Have you got to the point where you’re looking for something a little bit different for your next family holiday? Maybe you've ticked the Disney World box, have been to the same villa for the last few years and have dabbled with the all action child friendly beach resort? Maybe you want to get back to the days before children, when you travelled to far flung exotic places? Or maybe you just want your children to experience new cultures and to see the many wonders of the world?
If this is you, the next question you may be asking is “but where?”
This is a question I’m often asked by parents and my answer is simple. Anywhere. Okay, it’s not a case of just setting off with a backpack and a Lonely Planet guide, which you may have done years ago. After all, there are the little ones to think about: health, safety, time zones etc. However, it is possible to travel to exotic locations, see different ways of life and maybe have an adventure along the way. The secret, in my view, is to plan, plan, plan. You want to make the trip as easy as possible and to get the right balance between the cultural stuff (let’s face it we can all get templed out), the fun active stuff and the not doing an awful lot stuff.
Take James and Roisin who, with their 3 children (aged 12, 11 and 8), have recently returned from a 2 week trip to China. I worked with them to develop an itinerary that maximised the family’s time, included culture as well as lots of other fun experiences and also got the family off the beaten track. As there’s a lot to see and do in China and much of it involves significant travelling, I arranged every aspect of the trip in advance and there were guides on hand each step of the way. But, despite the structured nature of the trip there was flexibility to change the itinerary as the family went along to suit their mood.
The trip started in Beijing. There were the usual cultural sights such as Tiananmen Square, The Forbidden City and The Temple of Heaven, in addition to plenty of time for rickshaw rides around the maze of narrow back streets of the Hutong district, taking tea with the locals and a spot of Kung Fu.
Although hordes of tourists flock to the Great Wall of China, I selected a much quieter section for the family to visit which meant that they practically had it to themselves.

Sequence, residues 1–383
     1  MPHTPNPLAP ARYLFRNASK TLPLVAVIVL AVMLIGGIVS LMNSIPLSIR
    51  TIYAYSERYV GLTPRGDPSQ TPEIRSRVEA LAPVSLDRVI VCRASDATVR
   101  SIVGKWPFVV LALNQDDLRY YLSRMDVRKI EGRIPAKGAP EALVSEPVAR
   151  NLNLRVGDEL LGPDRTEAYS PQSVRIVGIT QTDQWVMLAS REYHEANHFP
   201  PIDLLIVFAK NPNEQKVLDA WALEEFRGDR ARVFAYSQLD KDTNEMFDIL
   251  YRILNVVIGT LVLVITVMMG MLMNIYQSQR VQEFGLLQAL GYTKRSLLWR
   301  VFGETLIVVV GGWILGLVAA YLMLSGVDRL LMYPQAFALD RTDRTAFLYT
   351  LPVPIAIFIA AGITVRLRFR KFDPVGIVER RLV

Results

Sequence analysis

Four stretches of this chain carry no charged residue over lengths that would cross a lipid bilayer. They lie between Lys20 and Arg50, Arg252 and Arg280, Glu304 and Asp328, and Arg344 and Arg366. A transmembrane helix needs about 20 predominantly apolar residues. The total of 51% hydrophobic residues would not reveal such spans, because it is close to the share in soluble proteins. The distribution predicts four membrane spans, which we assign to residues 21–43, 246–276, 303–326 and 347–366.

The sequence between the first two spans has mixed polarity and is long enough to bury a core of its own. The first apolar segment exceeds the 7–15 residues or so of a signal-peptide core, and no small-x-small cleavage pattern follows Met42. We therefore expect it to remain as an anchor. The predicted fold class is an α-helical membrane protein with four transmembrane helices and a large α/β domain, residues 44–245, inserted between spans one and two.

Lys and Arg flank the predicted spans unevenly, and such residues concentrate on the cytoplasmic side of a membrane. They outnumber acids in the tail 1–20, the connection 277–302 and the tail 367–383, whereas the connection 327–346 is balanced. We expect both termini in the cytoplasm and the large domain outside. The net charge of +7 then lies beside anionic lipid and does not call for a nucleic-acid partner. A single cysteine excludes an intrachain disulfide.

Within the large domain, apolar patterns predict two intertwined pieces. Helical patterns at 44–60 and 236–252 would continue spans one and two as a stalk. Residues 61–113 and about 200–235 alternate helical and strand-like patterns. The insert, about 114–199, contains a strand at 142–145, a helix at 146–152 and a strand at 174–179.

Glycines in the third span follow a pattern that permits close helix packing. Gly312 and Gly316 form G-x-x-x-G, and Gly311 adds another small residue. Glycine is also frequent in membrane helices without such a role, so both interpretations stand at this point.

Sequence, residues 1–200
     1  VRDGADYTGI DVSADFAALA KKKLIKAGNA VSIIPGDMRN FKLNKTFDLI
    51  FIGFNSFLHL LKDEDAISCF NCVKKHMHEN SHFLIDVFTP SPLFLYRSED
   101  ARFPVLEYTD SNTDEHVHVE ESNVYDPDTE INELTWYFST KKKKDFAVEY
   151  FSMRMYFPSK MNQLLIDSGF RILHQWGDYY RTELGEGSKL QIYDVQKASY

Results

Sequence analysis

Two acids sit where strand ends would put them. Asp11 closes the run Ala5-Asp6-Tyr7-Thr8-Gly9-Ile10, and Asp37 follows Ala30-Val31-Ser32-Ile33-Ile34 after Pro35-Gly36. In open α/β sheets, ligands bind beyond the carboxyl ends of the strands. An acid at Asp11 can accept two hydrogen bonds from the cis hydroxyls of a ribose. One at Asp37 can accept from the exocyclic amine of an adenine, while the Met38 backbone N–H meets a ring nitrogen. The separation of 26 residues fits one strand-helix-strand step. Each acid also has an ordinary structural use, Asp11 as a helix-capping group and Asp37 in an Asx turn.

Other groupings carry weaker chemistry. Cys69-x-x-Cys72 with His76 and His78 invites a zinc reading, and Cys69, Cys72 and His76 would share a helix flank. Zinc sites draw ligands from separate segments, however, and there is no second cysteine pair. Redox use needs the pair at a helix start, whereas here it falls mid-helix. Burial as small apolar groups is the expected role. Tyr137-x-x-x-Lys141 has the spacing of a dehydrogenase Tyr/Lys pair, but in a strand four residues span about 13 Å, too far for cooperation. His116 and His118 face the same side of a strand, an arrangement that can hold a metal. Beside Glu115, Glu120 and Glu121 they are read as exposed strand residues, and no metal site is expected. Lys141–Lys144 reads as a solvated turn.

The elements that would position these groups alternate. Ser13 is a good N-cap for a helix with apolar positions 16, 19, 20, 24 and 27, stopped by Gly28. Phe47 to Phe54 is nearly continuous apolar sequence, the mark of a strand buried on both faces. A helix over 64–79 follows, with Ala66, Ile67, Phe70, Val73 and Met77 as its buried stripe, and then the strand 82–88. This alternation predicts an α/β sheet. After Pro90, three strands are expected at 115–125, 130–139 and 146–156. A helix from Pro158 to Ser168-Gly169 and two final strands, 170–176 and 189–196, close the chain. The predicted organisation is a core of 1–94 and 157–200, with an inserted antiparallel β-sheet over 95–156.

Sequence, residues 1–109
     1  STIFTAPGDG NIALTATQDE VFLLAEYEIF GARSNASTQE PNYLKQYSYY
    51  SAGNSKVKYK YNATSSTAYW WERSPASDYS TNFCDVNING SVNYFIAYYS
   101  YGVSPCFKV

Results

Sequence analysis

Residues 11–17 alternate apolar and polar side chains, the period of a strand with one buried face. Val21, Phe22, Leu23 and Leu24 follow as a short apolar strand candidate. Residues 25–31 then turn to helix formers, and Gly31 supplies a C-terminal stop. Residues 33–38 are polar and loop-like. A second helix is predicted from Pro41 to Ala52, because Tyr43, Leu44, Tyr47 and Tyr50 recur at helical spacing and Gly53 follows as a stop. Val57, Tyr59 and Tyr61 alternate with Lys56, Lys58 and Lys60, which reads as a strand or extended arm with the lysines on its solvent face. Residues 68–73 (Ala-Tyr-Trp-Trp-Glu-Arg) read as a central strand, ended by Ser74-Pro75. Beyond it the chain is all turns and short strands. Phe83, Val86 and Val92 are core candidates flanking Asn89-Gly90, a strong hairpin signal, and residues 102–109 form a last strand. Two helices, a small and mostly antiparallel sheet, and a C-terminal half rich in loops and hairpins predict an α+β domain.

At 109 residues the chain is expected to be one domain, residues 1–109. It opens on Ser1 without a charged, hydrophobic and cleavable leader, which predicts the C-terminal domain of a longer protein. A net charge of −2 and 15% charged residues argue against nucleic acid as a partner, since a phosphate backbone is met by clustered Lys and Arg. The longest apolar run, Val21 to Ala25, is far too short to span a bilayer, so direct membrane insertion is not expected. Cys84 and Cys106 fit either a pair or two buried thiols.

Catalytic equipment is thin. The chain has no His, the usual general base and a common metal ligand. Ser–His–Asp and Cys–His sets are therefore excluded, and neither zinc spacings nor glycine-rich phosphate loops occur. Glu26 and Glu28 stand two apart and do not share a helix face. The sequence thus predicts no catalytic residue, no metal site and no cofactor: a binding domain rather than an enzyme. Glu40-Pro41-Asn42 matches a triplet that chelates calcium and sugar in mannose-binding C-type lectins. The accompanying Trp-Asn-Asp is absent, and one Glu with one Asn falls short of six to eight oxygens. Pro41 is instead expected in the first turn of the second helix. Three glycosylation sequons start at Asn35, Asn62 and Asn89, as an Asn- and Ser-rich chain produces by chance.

As the four days in Beijing were quite full on, the family took things at a slower pace over the next few days with a cruise down the Yangtze River. This was then followed by undoubtedly the highlight of the trip, a visit to the Chengdu Panda Research Centre. Here, instead of just visiting for a few hours as most people do, I arranged for the family to spend the afternoon volunteering.
They learnt so much about the animals as they helped prepare meals, feed the pandas and clean out their enclosures. They even got a once in a life time opportunity to hold the baby pandas, although they’re actually the size of a 4 year old!
Next on the trip were the extraordinary limestone pinnacles of Guilin. Here days were spent rafting down the river, visiting local villages and keeping fit with a private family Tai Chi class.
For the final section of the trip, the family got off the beaten track by travelling up into the rice fields of Lonji. After trekking to their hotel on foot, they spent a few days amongst the minority tribes that live there.
This was an adventure of a life time and the family came away with some amazing experiences and memories. It also proves that with a well planned itinerary there is no reason why you and your children cannot travel to far flung places.
“Thank you very much for helping us enjoy a fantastic holiday to China! It was a great experience for all of us - happy times together.”James and Roisin
If you’re itching to do something a little bit different for your next family holiday but are not sure where to go, then please contact me and let me inspire you with some great ideas.
(Images: Family's own)